Personal Finance

Saudi Aramco IPO is latest example of why it's best to wait to invest in newly public companies

Key Points
  • Saudi Aramco, a petroleum and natural gas company, is the latest big name to tap the public markets this year.
  • While the listing set new records, the deal is also mostly closed to new investors. However, you shouldn't be disappointed, experts say.
  • That's because it's always best to wait and see how a company does, and take a gradual approach to adding a new investment, rather than taking big gambles right away.
A sign of Saudi Aramco's initial public offering (IPO) is seen during a news conference by the state oil company at the Plaza Conference Center in Dhahran, Saudi Arabia November 3, 2019.
Hamad I Mohammed | Reuters

Saudi Aramco set new records as the world's biggest initial public offering. And, chances are, you're shut out from getting a stake in Saudi Arabia's state-owned oil company.

That's actually good news, according to experts.

It has been a big year for companies, including household name brands such as Uber, Lyft and Pinterest, to tap the public markets for funding. However, for individual investors, it's still better to wait before risking your money on them.

IPOs allow private companies to raise money by selling shares publicly. The companies typically list on the public markets, often the New York Stock Exchange or Nasdaq, giving public investors the ability to own those stocks. The company's existing private investors, meanwhile, often have access to preferential shares.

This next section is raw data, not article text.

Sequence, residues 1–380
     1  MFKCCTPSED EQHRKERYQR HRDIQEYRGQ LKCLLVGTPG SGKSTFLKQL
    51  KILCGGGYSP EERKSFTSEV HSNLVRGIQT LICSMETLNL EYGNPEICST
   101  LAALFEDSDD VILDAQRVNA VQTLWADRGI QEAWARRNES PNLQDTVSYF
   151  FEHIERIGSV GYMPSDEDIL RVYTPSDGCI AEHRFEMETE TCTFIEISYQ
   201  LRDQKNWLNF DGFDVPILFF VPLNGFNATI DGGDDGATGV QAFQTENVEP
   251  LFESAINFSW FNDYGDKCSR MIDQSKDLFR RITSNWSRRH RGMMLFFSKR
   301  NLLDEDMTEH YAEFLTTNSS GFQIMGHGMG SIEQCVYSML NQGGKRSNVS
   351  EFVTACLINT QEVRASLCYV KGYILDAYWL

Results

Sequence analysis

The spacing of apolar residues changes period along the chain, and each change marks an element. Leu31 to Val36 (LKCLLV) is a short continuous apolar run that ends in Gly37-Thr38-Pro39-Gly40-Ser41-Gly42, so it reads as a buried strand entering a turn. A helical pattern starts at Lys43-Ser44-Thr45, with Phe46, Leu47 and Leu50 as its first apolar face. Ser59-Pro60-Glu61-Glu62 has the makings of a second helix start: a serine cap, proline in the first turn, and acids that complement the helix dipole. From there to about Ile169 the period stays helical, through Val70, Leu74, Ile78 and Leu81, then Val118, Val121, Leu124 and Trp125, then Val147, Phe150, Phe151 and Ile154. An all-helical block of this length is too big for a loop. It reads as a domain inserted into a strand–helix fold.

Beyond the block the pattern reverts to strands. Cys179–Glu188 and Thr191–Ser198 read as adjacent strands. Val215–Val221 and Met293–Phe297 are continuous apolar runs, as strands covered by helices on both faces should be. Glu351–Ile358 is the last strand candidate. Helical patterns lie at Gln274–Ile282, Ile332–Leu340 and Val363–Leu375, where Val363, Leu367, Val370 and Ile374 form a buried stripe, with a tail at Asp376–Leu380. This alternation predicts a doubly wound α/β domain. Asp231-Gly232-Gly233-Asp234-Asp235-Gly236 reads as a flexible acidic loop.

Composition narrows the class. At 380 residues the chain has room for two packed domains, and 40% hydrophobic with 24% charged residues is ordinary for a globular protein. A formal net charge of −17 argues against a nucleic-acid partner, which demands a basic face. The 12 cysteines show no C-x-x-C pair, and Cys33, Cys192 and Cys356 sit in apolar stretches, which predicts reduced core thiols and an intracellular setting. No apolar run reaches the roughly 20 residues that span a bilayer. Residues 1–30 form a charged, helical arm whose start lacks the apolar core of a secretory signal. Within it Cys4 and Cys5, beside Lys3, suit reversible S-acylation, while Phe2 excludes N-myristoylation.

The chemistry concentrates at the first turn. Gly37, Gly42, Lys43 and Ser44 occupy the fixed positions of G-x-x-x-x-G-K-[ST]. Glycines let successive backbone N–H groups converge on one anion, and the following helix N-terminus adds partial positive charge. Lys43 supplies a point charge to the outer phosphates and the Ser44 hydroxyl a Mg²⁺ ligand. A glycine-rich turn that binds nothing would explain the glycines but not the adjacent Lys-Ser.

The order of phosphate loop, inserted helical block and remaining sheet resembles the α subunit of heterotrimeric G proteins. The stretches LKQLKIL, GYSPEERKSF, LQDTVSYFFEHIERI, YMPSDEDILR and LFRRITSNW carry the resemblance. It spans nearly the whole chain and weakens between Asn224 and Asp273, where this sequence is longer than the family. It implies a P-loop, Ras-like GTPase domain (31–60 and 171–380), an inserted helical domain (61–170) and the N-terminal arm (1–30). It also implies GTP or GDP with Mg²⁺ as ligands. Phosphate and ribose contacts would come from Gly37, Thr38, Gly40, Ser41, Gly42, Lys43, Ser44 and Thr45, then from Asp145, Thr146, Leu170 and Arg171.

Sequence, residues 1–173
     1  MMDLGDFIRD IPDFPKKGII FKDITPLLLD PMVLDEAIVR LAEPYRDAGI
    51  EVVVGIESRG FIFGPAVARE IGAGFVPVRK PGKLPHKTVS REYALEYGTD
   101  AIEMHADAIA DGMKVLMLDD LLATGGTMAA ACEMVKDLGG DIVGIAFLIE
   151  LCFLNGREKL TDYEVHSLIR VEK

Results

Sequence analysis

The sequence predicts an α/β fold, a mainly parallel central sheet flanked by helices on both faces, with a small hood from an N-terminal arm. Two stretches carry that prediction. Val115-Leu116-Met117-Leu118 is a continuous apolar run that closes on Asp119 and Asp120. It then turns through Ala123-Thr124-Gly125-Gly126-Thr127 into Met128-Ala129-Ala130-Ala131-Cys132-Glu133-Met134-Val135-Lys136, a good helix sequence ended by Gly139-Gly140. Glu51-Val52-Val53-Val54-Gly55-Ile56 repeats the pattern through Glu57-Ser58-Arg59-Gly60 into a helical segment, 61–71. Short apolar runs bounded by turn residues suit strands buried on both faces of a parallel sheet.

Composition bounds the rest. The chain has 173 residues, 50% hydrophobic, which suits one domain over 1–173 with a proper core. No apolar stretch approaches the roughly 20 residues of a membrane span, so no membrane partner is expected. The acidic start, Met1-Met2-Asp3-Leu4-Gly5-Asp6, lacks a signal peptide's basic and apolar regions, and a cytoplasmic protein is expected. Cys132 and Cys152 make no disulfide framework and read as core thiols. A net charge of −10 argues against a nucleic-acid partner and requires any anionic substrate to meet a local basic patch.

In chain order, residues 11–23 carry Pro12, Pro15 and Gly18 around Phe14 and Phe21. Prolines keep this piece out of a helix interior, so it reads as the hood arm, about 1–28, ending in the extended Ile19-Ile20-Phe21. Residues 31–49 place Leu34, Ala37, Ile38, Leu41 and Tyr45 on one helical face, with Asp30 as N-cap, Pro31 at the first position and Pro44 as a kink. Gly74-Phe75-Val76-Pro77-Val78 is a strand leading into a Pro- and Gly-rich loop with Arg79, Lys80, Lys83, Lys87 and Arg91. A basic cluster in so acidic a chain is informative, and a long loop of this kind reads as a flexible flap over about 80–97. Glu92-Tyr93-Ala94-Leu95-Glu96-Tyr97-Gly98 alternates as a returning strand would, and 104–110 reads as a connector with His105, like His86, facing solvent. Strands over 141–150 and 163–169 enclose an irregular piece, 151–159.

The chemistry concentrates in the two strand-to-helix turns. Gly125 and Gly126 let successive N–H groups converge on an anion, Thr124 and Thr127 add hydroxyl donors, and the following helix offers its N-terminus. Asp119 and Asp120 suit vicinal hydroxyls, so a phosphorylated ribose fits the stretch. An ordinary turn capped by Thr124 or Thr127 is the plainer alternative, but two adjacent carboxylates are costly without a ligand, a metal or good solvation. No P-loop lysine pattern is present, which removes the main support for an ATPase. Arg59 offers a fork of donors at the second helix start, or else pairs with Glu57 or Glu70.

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Saudi Aramco climbed to a $2 trillion valuation on its second day of trading on Thursday.

Admittedly, Saudi Aramco is a one-of-a-kind deal.

For starters, the company is only traded on the Saudi Stock Exchange, also known as Tadawul.

"You have to have a certain amount of assets to participate in the foreign exchange, so it's not open to all investors," said Kathleen Smith, principal and manager of IPO ETFs at Renaissance Capital.

The deal is also structured so that Saudi citizens get extra shares if they stay invested in the company for six months.

Consequently, even institutional investors want to wait until that six-month mark when the stock trades more freely, Smith said.

There's another reason individual investors might want to wait.

That would be until the company is listed on other international exchanges, which would require the energy giant to file more disclosures than it has on the Tadawul exchange. That development could be at least a year away, Smith said.

"You're better off buying another oil and gas energy company that have much higher yields and are more transparent," Smith said.

Some funds, particularly sovereign wealth funds, could own the company, Smith said.

VIDEO5:5705:57
Bill.com CEO Rene Lacerte on the company's public debut

Renaissance Capital's ETFs, which hold companies that have recently gone public, won't be included. That's because Tadawul doesn't qualify as an open exchange, according to the firm's standards.